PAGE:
Rated PG-13 for some mature thematic material, sexual content and language
96 min
Aspect Ratio:
1.78 : 1 See more »
Sound Mix:

Did You Know?

Cavanagh and Graham have both seperately apappeared on US sitcom Scrubs, however they do not share any scenes together.See more »
Miscellaneous: The interior scene at Raoul's could not be Raoul's; there is a brass rail behind Gray and her dates, separating them from the bar area. At Raoul's, no such brass rail exists.See more »
Gray:You don't know what it's like. One day you're one thing and the next day you realize you're something else. I feel like I'm Dorothy in "The Wizard of Oz" and I'm in this new land and I want to go home but something is telling me maybe this is my home. Maybe I shouldn't click my heels three times; maybe I should just stay here and be nauseas with the Munchkins.See more »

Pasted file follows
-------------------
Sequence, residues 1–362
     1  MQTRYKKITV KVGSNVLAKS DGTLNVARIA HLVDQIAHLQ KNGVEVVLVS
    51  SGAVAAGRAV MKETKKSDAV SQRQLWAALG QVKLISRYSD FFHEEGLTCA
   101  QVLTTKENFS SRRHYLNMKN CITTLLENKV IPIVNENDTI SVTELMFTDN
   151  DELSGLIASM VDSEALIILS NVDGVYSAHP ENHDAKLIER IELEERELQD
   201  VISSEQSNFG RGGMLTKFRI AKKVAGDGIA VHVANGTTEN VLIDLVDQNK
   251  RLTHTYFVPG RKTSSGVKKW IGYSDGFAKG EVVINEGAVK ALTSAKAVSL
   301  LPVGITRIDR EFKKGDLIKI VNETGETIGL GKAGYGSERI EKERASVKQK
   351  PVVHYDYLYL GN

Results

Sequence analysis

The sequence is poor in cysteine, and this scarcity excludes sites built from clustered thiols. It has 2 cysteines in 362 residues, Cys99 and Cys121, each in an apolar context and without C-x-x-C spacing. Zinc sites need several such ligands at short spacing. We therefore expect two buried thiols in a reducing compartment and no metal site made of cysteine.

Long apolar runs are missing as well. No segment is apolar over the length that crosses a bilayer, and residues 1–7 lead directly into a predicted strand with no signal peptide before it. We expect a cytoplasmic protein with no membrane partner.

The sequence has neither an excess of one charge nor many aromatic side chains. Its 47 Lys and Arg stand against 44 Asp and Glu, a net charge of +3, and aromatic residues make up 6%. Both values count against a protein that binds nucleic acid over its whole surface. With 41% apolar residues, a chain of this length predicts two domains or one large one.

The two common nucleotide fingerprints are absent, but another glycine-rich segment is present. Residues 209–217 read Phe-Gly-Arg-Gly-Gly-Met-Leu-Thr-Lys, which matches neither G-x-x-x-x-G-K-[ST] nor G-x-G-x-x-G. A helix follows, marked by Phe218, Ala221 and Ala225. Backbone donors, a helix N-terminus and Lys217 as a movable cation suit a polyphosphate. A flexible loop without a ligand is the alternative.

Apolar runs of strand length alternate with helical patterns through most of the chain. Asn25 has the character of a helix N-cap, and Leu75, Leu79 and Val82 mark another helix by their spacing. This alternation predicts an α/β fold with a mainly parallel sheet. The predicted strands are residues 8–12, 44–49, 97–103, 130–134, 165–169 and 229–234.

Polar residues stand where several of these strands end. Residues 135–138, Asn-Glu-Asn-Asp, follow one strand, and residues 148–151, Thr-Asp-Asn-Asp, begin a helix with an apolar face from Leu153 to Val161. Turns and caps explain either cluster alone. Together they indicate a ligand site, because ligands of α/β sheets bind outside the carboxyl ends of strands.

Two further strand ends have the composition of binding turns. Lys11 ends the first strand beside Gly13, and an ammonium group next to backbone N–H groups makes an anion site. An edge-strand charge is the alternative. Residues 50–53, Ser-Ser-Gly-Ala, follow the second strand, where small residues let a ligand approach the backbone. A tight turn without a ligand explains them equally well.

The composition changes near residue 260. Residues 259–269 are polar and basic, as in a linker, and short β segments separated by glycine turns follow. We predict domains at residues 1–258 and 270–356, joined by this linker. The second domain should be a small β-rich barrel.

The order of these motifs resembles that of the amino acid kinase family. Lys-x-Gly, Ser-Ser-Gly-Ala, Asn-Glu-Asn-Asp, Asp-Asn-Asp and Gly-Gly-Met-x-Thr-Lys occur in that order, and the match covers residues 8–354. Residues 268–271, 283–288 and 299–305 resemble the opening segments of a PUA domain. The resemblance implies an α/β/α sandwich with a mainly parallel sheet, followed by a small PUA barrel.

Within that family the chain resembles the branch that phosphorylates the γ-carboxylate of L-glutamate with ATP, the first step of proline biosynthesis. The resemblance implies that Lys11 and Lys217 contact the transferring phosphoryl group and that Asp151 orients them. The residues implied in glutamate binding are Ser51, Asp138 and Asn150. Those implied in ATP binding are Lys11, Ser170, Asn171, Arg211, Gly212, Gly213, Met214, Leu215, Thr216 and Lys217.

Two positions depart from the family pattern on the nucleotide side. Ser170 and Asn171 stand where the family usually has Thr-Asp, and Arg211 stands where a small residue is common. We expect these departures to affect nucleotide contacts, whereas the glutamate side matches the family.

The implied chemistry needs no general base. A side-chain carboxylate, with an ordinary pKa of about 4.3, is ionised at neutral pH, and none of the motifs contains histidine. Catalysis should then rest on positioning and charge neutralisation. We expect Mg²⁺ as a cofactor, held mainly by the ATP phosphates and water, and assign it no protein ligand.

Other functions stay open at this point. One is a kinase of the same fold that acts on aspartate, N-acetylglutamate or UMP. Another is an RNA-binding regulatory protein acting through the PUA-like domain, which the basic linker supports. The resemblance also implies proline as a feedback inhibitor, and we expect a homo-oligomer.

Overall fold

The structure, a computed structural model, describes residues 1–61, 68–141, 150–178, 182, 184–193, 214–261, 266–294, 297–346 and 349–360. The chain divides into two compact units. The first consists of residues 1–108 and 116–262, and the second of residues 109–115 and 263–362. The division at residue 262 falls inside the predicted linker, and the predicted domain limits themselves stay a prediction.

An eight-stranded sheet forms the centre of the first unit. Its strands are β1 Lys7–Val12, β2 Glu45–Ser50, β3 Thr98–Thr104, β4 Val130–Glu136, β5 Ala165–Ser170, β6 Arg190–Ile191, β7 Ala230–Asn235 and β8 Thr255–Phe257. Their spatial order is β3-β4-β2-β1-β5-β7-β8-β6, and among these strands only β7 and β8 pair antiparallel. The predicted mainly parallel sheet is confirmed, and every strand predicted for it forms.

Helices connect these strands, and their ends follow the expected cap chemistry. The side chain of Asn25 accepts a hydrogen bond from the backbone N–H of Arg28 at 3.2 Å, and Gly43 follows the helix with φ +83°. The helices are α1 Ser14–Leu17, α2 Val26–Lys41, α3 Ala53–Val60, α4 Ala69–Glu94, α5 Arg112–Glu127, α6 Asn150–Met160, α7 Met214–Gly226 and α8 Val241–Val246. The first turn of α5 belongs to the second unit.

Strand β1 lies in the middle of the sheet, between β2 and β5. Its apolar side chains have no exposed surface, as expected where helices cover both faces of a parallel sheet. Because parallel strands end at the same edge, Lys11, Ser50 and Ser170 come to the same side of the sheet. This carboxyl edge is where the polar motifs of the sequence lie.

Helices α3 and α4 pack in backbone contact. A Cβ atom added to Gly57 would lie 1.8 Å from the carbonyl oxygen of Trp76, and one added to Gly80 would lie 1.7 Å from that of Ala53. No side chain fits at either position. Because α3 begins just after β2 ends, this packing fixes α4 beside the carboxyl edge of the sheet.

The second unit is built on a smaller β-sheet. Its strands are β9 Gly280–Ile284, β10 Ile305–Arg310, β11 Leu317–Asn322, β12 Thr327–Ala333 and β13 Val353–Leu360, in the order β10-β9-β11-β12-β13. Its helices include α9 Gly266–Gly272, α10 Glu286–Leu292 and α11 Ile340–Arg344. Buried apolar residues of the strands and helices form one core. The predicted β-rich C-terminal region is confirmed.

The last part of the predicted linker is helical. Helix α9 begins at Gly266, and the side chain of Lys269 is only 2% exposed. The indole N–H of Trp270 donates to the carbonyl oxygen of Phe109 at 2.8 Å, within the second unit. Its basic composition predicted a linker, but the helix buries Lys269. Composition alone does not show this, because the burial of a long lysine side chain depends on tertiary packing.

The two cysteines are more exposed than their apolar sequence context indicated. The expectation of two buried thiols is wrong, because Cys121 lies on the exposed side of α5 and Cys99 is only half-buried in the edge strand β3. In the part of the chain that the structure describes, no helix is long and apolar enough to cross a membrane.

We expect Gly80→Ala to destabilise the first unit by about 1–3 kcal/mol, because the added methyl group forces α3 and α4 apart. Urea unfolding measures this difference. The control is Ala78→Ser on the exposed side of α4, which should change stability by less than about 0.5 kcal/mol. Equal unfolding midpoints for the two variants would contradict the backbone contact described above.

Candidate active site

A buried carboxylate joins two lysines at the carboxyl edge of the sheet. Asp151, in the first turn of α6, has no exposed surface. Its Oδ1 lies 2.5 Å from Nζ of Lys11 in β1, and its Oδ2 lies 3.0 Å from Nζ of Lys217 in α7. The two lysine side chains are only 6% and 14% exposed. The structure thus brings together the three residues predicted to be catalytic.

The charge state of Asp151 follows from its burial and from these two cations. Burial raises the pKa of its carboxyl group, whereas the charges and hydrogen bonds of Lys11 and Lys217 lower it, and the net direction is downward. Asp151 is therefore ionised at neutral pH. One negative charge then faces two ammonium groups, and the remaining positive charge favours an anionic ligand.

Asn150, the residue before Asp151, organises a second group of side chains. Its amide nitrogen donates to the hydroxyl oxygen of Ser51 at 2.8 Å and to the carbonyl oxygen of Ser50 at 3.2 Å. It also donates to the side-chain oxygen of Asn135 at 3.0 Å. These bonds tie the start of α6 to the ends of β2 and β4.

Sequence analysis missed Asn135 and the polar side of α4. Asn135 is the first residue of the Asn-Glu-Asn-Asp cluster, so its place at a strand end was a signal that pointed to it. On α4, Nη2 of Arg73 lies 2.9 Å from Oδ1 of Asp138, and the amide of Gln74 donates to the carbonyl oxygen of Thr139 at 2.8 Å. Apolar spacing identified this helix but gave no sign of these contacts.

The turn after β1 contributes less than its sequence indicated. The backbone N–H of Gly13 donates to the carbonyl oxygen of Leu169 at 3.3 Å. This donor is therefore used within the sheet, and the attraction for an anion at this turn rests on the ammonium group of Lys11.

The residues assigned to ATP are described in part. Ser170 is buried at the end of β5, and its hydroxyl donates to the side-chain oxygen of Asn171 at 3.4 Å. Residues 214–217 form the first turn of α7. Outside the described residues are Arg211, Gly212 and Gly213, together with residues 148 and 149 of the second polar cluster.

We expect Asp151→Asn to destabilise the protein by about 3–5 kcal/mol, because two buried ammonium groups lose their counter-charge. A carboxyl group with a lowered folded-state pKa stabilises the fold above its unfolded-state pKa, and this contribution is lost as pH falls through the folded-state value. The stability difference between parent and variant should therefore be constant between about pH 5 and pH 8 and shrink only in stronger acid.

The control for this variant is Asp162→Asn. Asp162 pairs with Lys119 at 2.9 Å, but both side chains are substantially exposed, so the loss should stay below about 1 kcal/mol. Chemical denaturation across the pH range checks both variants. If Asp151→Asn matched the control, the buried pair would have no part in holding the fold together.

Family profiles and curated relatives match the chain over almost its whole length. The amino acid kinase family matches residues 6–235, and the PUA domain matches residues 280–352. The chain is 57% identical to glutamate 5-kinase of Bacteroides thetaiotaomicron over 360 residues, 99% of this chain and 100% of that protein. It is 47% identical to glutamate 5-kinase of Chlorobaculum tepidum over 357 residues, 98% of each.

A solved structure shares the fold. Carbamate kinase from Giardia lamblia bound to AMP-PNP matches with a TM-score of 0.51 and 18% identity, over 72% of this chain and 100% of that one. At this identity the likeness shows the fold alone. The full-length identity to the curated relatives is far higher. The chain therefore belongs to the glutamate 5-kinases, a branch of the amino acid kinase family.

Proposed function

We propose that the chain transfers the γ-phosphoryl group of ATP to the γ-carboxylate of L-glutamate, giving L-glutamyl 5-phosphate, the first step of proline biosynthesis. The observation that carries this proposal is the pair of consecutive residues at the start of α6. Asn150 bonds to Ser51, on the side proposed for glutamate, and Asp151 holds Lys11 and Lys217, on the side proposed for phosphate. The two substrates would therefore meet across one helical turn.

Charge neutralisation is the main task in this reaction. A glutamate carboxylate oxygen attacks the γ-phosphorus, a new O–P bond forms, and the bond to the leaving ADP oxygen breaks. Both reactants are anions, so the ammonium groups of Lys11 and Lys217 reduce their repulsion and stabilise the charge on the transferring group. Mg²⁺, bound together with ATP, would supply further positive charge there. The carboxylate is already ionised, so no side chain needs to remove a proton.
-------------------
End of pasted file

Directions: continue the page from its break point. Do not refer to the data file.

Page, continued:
Movie Connections:
References Fatso (1980)See more »
One Man DaySee more »


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20 out of 29 people found the following review useful.
well-intentioned but implausible romantic comedy, 24 August 2007
Author: Roland E. Zwick ( from United States

While watching "Gray Matters" - which marks the film-making debut of writer/director Sue Kramer - I kept wondering if maybe I hadn't somehow stumbled back into "Puccini for Beginners," a movie I'd seen a few weeks earlier, since both are oddly similar, equally implausible tales of Manhattan yuppies involved in romantic triangles of the bisexual kind.

Gray and Sam are siblings who not only live in the same apartment and spend most of their free time together but are so emotionally attached to one another that people often mistake them for a romantic couple. As if that weren't queasy enough, the screenplay ups the ante by having the hitherto heterosexual Gray suddenly "discover" she's a lesbian when she falls for Sam's gorgeous new wife, Charlie (yes, I know all this can be a bit confusing, but Charlie is a woman).